New DA working to restore trust

Mirror photo by Shen Wu Tan / Lesley Childers-Potts, who became the Bedford County District Attorney on April 4, works in a courtroom at the Bedford County Courthouse.

BEDFORD — Despite the hectic transition to the position of Bedford County district attorney, Lesley Childers-Potts said she is becoming more secure and confident in her new role as she continues to settle in.

Childers-Potts was sworn in as district attorney by Judge Thomas Ling on April 4, the same day former District Attorney William Higgins resigned amid allegations of helping multiple women avoid arrest and jail in exchange for sexual favors, revealing the identities of confidential informants and arranging for others to receive lenient sentences.

“The most important thing I have on my plate right now is trying to re-establish and regain the trust of the citizens of Bedford County,” Childers-Potts said. “Under­standably so, people are concerned and worried. And my goal is to gain their trust. I want to gain the trust of the citizens of Bedford County, and I want to do that by doing my job to the best of my ability.”

“I have a lot of work to do. There’s no question about that,” she added. “But I’ve been working as an attorney for a long time and been working in the criminal justice system for over 10 years. And although this isn’t the way that my 16-year-old self saw this playing out — this isn’t the way I pictured me filling this role or how it would happen — I’m determined to make it work and do my best. I’m determined to make my community proud. They deserve that.”

Brandi Robertson, a friend of Childers-Potts and a Bedford County resident, said “I know going into this endeavor and just talking with her about it, she obviously was a little nervous but determined to do the best job she could. She has a very supportive family and friends to help her get through this right now. I think she’ll do a really good job. She’s that kind of person.”

Childers-Potts served as first assistant district attorney from January 2012 until she took over as district attorney this month. She has overseen and mentored Assistant District Attorney Jonathan Thomas since he took office in 2014.

“It’s been a true honor and privilege being able to work with her,” Thomas said. “She’s been a good mentor for me since I’ve started. I always knew she was one of the people I looked up to.”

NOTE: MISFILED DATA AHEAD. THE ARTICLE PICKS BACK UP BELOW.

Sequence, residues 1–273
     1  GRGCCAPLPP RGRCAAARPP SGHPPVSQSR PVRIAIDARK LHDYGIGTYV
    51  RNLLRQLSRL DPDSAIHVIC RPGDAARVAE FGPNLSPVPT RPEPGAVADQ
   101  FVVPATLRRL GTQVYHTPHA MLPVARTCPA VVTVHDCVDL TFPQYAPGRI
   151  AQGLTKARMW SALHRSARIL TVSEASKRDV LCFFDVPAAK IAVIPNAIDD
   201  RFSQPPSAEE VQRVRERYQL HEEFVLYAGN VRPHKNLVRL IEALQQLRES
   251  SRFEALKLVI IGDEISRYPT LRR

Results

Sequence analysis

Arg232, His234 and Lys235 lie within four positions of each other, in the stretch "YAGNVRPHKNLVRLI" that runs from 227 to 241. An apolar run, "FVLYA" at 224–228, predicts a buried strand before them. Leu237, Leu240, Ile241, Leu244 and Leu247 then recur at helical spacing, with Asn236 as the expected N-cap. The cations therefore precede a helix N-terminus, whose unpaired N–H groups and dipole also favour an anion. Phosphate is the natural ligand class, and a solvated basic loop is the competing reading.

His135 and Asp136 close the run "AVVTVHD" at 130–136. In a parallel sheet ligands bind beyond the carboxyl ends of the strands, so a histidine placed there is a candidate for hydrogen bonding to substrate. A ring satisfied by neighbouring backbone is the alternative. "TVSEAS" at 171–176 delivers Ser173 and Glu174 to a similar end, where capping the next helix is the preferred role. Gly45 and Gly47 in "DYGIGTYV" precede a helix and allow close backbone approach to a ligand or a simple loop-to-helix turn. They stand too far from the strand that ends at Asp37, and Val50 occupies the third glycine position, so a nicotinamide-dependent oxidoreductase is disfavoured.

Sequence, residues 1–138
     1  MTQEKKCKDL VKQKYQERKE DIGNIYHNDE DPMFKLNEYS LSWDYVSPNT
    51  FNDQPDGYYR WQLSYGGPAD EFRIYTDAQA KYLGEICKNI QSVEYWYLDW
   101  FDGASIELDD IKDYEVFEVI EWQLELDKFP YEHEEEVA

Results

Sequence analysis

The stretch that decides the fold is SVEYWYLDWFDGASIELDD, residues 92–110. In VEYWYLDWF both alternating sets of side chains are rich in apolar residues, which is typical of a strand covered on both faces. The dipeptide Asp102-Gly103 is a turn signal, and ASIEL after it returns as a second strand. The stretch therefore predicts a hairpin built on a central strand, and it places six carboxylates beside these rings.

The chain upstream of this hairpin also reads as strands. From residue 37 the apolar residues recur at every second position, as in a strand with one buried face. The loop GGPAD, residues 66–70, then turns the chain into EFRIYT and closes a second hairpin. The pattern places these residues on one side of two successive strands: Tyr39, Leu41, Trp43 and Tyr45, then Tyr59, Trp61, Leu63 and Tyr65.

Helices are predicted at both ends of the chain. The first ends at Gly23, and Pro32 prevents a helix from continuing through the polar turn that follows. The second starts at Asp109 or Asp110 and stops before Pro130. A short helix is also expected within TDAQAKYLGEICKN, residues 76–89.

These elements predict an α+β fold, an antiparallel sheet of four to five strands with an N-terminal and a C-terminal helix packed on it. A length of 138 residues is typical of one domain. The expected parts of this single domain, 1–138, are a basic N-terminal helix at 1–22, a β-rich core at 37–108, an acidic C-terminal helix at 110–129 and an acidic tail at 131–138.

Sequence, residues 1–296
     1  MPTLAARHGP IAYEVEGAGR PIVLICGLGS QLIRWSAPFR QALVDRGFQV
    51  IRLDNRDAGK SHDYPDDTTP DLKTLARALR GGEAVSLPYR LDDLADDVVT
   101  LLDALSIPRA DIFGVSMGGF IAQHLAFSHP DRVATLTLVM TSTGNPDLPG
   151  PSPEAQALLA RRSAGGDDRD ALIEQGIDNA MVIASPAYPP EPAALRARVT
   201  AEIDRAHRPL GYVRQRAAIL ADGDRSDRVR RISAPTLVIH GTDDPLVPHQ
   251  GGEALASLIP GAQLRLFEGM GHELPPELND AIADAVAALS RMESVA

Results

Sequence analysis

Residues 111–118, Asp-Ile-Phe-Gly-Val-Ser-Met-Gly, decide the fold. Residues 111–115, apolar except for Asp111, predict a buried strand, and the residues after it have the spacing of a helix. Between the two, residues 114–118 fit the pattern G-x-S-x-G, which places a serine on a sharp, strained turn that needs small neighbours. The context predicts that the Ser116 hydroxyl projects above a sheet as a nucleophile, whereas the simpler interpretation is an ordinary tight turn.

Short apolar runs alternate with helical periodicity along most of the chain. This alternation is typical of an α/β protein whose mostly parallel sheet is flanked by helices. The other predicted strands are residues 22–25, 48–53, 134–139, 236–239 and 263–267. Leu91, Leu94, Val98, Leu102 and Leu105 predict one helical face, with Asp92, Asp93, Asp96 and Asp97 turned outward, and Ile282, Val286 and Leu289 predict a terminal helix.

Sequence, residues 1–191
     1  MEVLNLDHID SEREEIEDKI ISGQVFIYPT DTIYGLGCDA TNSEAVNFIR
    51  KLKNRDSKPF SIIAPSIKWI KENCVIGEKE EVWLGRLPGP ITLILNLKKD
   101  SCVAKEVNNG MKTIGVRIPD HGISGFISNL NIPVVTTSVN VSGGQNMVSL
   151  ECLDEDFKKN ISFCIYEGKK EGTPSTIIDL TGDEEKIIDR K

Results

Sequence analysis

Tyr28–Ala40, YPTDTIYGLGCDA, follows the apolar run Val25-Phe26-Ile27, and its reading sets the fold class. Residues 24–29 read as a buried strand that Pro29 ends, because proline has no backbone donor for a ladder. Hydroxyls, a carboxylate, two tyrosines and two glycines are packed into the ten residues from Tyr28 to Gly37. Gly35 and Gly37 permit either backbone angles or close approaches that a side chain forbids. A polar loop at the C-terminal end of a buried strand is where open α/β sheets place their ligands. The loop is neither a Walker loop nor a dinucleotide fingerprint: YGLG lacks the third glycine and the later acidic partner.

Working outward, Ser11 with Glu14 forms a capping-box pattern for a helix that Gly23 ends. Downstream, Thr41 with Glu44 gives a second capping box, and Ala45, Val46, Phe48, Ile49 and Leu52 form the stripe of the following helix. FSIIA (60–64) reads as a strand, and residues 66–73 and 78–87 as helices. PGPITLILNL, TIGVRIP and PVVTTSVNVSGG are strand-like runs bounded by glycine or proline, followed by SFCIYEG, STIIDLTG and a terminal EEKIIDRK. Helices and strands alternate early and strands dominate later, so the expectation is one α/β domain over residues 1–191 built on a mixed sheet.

“I like the possibilities for how things will continue to proceed under her leadership,” he added. “She never really gives up, making sure that justice is done for the victims in the case and making sure the people of Bedford County are safe and that their interests are protected.”

The 41-year old DA graduated from Widener University Commonwealth Law School in 2003 and earned her law license in 2004. Childers-Potts took her first job in the field with attorney Jeff Fleming for about a year before working as a law clerk for Judge Daniel Howsare for about two years.

She then worked with the Silverman, Tokarsky and Foreman firm in Johnstown, handling domestic cases for about a year. She also worked under attorney Thomas Dickey in Altoona prior to moving back to Bedford County to become a part-time assistant public defender.

While working as assistant public defender, Childers-Potts opened a private practice in 2007, which she closed when assuming the full-time first assistant DA position.

Because Childers-Potts was born, raised and lived most of her life in Bedford County, Jayme Houck, her first cousin, said she thinks her long standing as a resident will help her as the new DA.

“What’s great about her in this position is she comes from Bedford County,” Houck said. “She can really represent the county well because she lives here and was born here. And she’s embedded in the community. She’s community-minded in what she does.”

“Her values are really grounded,” she added. “I think she can really inspire young girls that want to look at a law career or want to look at public service. I think she’s in a position to do that.”

As Childers-Potts continues her transition to the DA role, she stressed she wanted the community members to know how much she appreciates the kindness and support she’s received from them and her family.

She currently lives in the county with her husband, Trent Potts, and their two children.

“He deserves a special shout out. He has been so supportive through all this,” Childers-Potts said of her husband.

“This county has been my home my entire life, except for those times I was away at school,” she said. “My hometown and my county have always meant a great deal to me. And the people of my community have always meant a great deal to me.”

Mirror Staff Writer Shen Wu Tan is at 946-7457.

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